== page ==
Crumb coat the cake with a thin layer of icing and chill for about 15 minutes. Split the remaining icing into half and add pink food colouring to one bowl and yellow icing to the other. Cover the top third of the cake with pink icing and the bottom third with yellow icing and smooth out surface with an offset spatula. Carefully combine small amounts of yellow and pink icing to gradually blend the colours together in the middle third of the cake. I started from the bottom and gradually added more pink icing to the yellow icing as I applied it to the cake. For a smoother finish, run your offset spatula under hot water and dry with a paper towel regularly. 
    To decorate:
    You can decorate with candy, bunting or sprinkles. I used a half batch of this sugar cookie recipe, rolled it about 1 cm thick and traced out the shape of a giant 1 shape and cut it out with a sharp knife. I then made some royal icing and covered it in a thin layer of the icing, then dunked the whole cookie in a large bowl of rainbow sprinkles and left it to dry. 
    Sarah's 1st Birthday
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    Wednesday, January 1, 2014

    Mango Curd Tart with Toasted Coconut Crust

    Mango Curd Tart with Toasted Coconut Crust
    Happy New Year! What a crazy few weeks it's been. I'm finally getting settled into my new home, and testing out my brand new oven. It's all very exciting. I spent NYE with my family, and my Mum originally requested a lemon curd tart for dessert with some fresh blueberries that she bought on special. I decided to be difficult and I changed it from a lemon curd tart to a mango curd tart at the last minute. Mango curd is my current new baking love. I made it a few weeks ago for my brother's birthday and it was a revelation. The wonderful rich flavour of ripe, sweet mangoes is offset by the tang of lime juice.
    Mango Curd Tart with Toasted Coconut Crust
    My only concern about making this curd as the filling of my tart was that it was rather runny the last time I made it and I didn't want to cut into my tart and have the filling pooling out all over the plate. To be safe I added a tiny bit of gelatine to the mixture and it did the trick. The curd stayed juuust firm enough to hold itself while it was cut into slices, but not enough to stop the creamy filling from melting in your mouth. Of course, if you don't eat gelatine you can always skip this and maybe add a little extra butter to ensure it sets.
    Mango Curd Tart with Toasted Coconut Crust
    Instead of a plain old shortcrust pastry for the tart shell, I wanted to add toasted coconut to the crust. I found the perfect recipe with a quick google search, it was really easy to mix up in my food processor (though you could probably just mix the ingredients together with an electric mixer too), and made this perfect, super thin, crisp and golden crust, fragrant with toasted coconut. It was the such a great pastry to match with the mango filling.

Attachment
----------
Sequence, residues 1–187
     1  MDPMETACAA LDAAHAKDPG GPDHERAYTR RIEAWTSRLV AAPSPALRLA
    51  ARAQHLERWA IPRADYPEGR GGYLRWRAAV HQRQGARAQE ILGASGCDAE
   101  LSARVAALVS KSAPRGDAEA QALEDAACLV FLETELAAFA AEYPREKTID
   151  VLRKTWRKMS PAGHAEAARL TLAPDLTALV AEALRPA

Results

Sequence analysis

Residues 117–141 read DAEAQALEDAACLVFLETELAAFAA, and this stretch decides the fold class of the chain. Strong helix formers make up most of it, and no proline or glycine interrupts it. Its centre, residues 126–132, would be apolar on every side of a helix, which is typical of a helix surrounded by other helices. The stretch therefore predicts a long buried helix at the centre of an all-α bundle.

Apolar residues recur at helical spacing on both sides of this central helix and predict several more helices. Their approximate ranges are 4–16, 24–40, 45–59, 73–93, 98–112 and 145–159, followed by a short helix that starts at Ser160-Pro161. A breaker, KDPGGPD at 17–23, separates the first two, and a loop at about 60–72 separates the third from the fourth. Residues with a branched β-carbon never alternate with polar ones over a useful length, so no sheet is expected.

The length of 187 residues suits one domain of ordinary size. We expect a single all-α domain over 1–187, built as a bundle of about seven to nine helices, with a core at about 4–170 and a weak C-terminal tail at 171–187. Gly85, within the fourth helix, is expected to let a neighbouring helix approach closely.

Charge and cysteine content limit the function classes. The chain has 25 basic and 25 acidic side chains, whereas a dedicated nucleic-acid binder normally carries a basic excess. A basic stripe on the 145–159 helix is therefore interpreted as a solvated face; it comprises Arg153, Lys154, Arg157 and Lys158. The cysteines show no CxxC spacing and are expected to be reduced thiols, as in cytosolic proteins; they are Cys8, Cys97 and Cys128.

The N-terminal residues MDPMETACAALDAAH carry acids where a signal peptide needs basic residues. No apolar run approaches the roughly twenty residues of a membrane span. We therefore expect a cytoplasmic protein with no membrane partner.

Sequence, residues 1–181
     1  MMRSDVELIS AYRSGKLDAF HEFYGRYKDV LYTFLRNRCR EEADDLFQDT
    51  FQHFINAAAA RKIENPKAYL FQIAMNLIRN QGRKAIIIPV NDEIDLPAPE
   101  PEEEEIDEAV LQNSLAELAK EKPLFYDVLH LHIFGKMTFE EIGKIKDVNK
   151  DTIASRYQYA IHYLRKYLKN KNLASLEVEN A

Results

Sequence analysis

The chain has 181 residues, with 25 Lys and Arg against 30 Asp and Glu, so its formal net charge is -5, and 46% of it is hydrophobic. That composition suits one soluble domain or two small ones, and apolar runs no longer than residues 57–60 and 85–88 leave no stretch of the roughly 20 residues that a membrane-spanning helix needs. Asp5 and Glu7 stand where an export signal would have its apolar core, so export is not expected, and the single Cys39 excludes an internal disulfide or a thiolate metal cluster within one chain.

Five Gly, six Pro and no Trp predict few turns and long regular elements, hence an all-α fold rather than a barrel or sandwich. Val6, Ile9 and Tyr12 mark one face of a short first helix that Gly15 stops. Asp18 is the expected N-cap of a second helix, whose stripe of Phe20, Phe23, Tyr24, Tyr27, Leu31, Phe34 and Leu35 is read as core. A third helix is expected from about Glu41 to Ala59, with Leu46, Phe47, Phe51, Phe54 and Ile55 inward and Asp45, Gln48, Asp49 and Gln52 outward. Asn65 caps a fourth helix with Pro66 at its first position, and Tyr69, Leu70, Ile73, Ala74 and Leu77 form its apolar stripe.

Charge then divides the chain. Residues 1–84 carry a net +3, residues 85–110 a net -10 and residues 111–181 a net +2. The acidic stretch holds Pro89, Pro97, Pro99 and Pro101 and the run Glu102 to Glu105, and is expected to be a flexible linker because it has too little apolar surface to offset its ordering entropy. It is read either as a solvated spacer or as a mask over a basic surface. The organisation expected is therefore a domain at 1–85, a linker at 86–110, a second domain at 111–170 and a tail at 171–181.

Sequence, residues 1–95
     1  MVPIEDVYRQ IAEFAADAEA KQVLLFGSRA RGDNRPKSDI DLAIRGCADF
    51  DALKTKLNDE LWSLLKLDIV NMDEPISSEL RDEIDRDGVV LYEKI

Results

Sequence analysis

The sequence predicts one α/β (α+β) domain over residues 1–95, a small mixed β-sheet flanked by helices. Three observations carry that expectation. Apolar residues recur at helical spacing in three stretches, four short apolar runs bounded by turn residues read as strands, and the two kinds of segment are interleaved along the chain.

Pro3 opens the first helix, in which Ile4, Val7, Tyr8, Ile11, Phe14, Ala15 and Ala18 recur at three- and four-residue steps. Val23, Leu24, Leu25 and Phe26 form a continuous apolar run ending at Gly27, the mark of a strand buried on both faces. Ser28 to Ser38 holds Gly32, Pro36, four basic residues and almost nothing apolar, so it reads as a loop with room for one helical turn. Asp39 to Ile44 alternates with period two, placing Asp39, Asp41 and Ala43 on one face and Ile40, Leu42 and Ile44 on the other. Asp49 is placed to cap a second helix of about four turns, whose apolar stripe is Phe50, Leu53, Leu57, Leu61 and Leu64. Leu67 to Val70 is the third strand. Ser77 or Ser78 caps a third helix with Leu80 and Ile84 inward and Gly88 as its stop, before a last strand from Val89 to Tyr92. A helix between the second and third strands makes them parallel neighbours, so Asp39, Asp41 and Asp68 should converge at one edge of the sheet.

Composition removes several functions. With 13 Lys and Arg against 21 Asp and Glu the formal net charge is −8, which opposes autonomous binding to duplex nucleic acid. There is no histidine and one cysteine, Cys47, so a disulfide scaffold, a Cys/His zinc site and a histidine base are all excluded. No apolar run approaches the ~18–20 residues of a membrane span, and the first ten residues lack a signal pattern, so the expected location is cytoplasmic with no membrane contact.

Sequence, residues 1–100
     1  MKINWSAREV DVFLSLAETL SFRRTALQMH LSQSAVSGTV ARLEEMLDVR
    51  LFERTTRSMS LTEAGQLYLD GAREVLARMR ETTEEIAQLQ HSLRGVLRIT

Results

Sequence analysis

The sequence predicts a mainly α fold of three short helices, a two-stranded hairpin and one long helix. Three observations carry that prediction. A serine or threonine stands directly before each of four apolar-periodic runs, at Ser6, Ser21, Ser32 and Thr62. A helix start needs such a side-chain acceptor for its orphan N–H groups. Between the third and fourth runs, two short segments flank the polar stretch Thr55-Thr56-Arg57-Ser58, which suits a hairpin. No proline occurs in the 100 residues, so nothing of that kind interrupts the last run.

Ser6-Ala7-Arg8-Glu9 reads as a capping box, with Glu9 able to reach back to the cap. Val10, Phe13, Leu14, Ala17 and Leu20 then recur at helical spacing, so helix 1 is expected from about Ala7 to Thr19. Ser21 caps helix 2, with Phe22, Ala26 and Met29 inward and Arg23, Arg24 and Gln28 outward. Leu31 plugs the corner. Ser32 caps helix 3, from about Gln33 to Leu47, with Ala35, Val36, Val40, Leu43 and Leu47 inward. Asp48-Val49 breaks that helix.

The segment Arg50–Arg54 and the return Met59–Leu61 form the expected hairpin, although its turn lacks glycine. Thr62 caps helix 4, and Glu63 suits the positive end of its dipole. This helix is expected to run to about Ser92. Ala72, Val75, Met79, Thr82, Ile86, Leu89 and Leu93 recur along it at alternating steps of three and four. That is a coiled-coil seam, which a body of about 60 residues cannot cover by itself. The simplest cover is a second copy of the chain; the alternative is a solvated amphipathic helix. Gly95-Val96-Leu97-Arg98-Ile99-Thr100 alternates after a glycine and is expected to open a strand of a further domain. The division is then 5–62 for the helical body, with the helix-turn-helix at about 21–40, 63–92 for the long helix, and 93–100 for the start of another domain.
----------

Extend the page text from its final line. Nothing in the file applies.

Mango Curd Tart with Toasted Coconut Crust
    The blueberries were a little unnecessary, but like I said in my last post I'm making sure to make the most of the cheap, super sweet fresh summer berries in Australia at the moment. I've got a very busy week coming up with my niece's 1st birthday so I will hopefully have lots of new recipes and photos to share with you. Hope you all have a fantastic New Year!
    Mango Curd Tart with Toasted Coconut Crust
    Mango Curd Tart with Toasted Coconut Crust
    (Curd recipe adapted from Smitten Kitchen, pastry recipe from epicurious)
    For the toasted coconut crust:
    1/2 cup (50g/1 3/4 oz) dessicated coconut
    3/4 cup (about 105g) plain/all-purpose flour
    100g (7 tbsp) cold butter, cut into cubes
    1/3 cup (about 40g) icing/confectioner's sugar
    1/4 tsp salt

    Preheat oven to 180°C (350°F) and grease a 23cm (9 inch) loose-bottomed tart tin. Spread coconut in an even layer on a baking tray and toast in the middle of the oven, stirring occasionally until golden brown, about 10 to 12 minutes. Remove from oven (leaving oven on), and allow to cool to room temperature. Place cooled coconut, flour, butter, icing sugar and salt in a food processor and pulse until dough just begins to form a ball. Using floured fingers, press dough in evenly on to bottom and sides of prepared tin (there is only enough to form a thin layer, so you must make sure it is as even as possible or it may crack at weaker spots). Place in freezer for 10 minutes, then bake in oven for 25 minutes or until golden. Cool completely in tin on a wire rack then carefully remove.

    For the Mango Curd:
    1 tsp powdered gelatine
    1 ripe mango (about 450g/15oz), peeled, pitted, cut into 1/2-inch pieces
    1/3 cup sugar
    3 tbsp fresh lime juice
    Pinch of salt
    4 large egg yolks
    60g (1/2 stick) butter, cut into small pieces
    Optional: fresh berries to decorate

    Mix gelatine in a small bowl with 1 tbsp cold water and set aside. Puree mango, sugar, lime juice and salt in processor, scraping down sides of work bowl occasionally. Add yolks; puree 15 seconds longer. Strain through sieve set over large metal bowl, pressing on solids with back of spatula to release as much puree as possible. Discard solids in sieve.

    Set metal bowl over saucepan of simmering water (do not allow bottom of bowl to touch water); add gelatine mixture to bowl and whisk puree until gelatine dissolves, mixture is thickened and thermometer registers about 80°F( 170°F), about 10-15 minutes. Remove from over water. Whisk in butter 1 piece at a time. Cover and chill to room temperature, then pour into prepared crust and refrigerate overnight. Can also be decorated with fresh berries before chilling. Serve straight out of the fridge.
    Mango Curd Tart with Toasted Coconut Crust